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We examine the precipitation response to volcanic eruptions in the Coupled Model Intercomparison Project Phase 5 (CMIP5) historical simulations compared to three observational datasets, including one with ocean coverage. Global precipitation decreases significantly following eruptions in CMIP5 models, with the largest decrease in wet tropical regions. This also occurs in observational land data, and ocean data in the boreal cold season. Monsoon rainfall decreases following eruptions in both models and observations. In response to individual eruptions, the ITCZ shifts away from the hemisphere with the greater concentration of aerosols in CMIP5. Models undergo a longer-lasting ocean precipitation response than over land, but the response in the short satellite record is too noisy to confirm this. We detect the influence of volcanism on precipitation in all three datasets in the cold season, although the models underestimate the size of the response. In the warm season the volcanic influence is only marginally detectable.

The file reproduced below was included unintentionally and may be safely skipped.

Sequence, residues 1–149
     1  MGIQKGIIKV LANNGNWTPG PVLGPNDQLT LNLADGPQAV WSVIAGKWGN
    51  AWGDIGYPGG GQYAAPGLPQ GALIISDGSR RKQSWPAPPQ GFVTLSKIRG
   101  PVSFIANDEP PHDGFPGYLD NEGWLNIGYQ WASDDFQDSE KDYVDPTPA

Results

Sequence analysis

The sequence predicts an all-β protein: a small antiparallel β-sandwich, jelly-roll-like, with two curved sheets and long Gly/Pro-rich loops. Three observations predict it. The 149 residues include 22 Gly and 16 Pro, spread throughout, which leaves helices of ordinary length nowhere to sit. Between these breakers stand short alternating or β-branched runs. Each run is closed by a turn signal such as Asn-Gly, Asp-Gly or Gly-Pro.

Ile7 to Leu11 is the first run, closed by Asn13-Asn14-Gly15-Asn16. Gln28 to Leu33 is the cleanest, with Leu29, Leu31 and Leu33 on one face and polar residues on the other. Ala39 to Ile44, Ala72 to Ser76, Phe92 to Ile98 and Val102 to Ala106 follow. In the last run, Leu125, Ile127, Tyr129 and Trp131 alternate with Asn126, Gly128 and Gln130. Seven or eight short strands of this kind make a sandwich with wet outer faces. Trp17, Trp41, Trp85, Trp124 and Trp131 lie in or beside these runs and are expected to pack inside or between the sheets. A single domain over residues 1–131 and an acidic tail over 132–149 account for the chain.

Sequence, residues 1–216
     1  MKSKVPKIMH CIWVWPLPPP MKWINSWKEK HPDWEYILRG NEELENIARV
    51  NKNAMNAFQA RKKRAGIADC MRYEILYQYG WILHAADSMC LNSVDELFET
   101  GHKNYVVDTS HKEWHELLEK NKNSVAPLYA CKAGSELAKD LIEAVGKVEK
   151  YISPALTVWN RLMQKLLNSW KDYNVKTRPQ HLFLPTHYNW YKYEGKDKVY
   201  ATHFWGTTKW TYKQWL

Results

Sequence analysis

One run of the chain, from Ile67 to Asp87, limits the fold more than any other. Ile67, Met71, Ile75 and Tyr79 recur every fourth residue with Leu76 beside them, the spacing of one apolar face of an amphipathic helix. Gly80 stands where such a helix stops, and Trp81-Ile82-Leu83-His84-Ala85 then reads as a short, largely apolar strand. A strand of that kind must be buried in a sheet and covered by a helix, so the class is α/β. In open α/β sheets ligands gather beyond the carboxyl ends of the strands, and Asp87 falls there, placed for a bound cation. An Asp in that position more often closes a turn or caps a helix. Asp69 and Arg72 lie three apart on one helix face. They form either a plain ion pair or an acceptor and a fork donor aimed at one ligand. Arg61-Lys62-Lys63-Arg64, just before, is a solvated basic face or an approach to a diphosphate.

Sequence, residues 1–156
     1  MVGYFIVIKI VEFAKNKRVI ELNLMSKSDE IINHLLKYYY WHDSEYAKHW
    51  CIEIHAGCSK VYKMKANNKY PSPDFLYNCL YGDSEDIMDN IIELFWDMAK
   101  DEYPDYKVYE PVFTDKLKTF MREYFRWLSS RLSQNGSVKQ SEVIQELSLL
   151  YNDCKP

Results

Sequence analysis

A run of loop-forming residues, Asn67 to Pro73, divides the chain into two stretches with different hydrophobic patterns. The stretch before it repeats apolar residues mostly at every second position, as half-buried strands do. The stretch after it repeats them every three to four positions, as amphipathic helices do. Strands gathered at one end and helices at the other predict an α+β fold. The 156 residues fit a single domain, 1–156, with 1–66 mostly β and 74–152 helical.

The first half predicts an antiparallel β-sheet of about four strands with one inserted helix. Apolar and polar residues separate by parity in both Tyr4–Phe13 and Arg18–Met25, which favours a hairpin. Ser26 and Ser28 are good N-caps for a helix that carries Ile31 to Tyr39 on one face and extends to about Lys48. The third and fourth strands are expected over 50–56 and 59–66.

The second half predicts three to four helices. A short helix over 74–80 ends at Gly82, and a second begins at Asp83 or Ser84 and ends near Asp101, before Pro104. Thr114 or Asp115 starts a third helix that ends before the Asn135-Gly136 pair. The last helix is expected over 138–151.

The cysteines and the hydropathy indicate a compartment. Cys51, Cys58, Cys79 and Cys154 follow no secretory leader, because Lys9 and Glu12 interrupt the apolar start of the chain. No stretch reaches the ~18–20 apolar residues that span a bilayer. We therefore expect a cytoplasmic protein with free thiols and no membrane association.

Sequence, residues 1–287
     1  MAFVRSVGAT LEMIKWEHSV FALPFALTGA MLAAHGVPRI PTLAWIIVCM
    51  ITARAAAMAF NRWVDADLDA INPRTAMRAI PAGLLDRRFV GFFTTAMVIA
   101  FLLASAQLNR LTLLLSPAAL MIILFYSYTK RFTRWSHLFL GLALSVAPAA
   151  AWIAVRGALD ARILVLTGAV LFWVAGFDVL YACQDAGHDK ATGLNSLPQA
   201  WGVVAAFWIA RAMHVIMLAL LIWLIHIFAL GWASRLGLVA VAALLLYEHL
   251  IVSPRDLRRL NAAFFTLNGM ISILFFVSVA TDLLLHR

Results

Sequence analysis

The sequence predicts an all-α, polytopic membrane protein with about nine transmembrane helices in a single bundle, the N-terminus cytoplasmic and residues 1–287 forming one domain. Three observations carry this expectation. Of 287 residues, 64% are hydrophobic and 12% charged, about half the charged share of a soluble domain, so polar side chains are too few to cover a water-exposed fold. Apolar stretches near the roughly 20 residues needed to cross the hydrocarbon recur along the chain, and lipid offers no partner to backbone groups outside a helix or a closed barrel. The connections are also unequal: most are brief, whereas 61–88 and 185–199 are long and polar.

|Number of pages||10|
|Journal||Environmental Research Letters|
|Publication status||Published - 14 Oct 2014|
- volcano-climate interactions
- short-wave geoengineering
- climate models
- hydrological cycle
- climate variability
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- 2 Finished
Hegerl, G., Tett, S., Browne, O., Krueger, O., Polson, D. & Schurer, A.
1/02/13 → 31/01/19
PAGODA: Hydrological cycle understanding
Hegerl, G. & Polson, D.
1/02/11 → 31/01/14